Analysis: Novell Tries to Torpedo SCO Unix IP Claims
Now: Novell Upstages SCO Earnings Call
SCO may not be able to sue IBM for illegally placing UNIX code in Linux after all. For you see, according to Novell CEO Jack Messman, SCO doesn't own UNIX's patents or copyrights in the first place.
In the release Messman said, "SCO continues to say that it owns the UNIX System V patents, yet it must know that it does not. A simple review of U.S. Patent Office records reveals that Novell owns those patents." Further, "the 1995 agreement governing SCO's purchase of UNIX from Novell does not convey to SCO the associated copyrights. We believe it unlikely that SCO can demonstrate that it has any ownership interest whatsoever in those copyrights."
Also this morning, in SCO's 2nd quarter earning call, SCO CEO Darl McBride said that there's no mention of copyright and patents in the IBM lawsuit and that contract issues are really what the IBM lawsuit is about. At the same time, though, he admitted that SCO had been talking with Novell over UNIX IP issues and that SCO's 1995 purchase agreement of UNIX from Novell was 'confusing' on the issue of UNIX's patents and copyrights.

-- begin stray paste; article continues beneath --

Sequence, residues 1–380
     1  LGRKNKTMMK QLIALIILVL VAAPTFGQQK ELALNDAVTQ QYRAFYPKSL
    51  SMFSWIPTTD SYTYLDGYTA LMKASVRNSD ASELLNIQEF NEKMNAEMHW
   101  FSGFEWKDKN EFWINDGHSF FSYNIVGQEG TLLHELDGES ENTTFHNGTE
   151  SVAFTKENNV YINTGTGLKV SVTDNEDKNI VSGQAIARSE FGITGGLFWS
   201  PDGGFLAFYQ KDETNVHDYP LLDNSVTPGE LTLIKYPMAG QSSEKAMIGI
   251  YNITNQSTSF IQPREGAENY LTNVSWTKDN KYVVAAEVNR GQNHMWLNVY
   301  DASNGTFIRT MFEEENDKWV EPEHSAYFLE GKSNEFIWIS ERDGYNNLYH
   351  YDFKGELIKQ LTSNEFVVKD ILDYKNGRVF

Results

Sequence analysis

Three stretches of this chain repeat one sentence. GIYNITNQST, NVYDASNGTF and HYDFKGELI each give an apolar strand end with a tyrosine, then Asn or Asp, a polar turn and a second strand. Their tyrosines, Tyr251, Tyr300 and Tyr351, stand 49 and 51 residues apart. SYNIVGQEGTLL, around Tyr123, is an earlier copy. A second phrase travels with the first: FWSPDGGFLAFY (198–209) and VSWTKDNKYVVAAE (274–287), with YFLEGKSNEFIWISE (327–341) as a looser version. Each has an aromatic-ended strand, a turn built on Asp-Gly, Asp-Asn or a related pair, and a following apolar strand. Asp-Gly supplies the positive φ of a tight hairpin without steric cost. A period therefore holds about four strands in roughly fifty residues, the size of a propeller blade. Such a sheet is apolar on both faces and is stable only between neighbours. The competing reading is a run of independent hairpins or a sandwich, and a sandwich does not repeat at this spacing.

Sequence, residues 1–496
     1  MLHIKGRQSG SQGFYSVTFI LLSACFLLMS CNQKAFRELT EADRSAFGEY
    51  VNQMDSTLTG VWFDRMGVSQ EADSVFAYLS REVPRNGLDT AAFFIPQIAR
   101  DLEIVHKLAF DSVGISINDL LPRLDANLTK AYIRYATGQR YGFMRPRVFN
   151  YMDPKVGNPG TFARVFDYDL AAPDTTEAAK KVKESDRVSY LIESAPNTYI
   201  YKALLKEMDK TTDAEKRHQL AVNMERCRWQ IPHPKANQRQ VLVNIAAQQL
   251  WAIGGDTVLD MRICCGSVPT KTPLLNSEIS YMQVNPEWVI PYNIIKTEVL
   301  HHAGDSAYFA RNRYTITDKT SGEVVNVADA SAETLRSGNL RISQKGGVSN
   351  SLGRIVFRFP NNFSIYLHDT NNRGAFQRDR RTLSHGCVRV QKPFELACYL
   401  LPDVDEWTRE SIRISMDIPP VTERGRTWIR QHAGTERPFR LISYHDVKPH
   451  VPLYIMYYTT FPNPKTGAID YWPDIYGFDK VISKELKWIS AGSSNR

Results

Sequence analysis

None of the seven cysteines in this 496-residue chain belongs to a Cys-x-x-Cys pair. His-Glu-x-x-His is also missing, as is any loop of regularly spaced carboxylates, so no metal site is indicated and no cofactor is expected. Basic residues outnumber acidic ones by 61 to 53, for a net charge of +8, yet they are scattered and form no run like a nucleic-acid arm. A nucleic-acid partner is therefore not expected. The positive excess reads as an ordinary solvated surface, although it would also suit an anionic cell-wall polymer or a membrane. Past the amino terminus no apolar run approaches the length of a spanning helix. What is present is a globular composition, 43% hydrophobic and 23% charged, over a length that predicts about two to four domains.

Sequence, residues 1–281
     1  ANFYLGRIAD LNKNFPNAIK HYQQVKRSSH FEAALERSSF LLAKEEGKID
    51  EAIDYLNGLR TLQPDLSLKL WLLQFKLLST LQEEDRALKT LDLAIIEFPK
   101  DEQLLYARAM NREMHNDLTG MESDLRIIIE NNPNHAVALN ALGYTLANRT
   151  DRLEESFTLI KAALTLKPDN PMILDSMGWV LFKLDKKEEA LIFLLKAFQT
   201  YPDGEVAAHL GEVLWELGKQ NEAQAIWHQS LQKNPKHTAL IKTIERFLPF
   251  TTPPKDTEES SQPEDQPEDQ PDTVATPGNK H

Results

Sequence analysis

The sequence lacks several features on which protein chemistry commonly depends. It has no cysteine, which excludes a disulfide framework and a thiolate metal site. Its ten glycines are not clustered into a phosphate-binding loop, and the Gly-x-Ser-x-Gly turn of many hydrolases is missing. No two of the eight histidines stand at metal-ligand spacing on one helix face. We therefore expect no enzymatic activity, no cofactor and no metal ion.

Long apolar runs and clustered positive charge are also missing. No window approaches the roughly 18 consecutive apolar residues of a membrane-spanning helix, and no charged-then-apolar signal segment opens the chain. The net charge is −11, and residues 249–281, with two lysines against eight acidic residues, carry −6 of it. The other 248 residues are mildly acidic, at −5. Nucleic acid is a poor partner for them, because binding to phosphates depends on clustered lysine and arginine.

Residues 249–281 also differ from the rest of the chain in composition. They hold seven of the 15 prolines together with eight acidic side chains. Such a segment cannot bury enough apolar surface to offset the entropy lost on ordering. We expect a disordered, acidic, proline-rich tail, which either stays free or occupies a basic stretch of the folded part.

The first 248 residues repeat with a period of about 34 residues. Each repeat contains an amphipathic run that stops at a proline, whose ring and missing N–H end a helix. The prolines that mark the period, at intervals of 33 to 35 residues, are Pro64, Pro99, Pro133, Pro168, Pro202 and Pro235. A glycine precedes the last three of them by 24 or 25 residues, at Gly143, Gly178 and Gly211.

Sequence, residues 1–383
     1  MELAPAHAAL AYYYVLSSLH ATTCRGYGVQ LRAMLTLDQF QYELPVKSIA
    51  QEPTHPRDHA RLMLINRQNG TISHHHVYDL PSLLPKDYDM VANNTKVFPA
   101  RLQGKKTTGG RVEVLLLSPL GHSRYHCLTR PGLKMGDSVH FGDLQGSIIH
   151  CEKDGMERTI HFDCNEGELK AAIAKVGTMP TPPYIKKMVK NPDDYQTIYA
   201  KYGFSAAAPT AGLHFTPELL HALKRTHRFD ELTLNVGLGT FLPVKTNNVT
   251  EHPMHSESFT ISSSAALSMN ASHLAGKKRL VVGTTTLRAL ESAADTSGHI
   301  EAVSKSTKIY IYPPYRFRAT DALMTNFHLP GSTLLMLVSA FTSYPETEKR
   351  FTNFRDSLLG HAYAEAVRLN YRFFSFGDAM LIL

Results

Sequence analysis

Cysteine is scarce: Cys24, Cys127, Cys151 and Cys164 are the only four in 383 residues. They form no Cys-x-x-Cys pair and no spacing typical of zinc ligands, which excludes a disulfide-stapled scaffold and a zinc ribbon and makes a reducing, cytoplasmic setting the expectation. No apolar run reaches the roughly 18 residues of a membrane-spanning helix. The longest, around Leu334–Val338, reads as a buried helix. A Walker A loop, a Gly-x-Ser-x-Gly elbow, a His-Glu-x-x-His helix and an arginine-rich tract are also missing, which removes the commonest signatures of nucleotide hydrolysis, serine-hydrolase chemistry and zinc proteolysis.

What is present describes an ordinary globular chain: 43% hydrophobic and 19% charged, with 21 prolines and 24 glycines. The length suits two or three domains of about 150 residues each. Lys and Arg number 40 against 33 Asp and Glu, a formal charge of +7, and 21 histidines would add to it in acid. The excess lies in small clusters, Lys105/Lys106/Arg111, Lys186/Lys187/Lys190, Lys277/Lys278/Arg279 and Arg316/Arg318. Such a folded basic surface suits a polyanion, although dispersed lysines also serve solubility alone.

In SCO's press release addressing Novell's comments, SCO doesn't directly address the copyright issue and puts contract issues on center stage. Indeed, Bruce Perens, director of Software in the Public Interest, a non-profit, Open Source development organization, says, "SCO's brief reply to Novell implicitly acknowledges that SCO does not own the UNIX copyright."
That said, though, in the teleconference McBride said that SCO believes that the company does own the UNIX copyrights and that all four of the people who signed the contract-none of whom are still with Novell or SCO-thought at the time that the intent was to transfer copyright. So, "SCO has the absolute right to UNIX's copyright" and we're confident on how a judge will come down."
Gary Schuster, Novell's senior VP of communications responded to this claim by saying, "Maybe SCO will find out in court."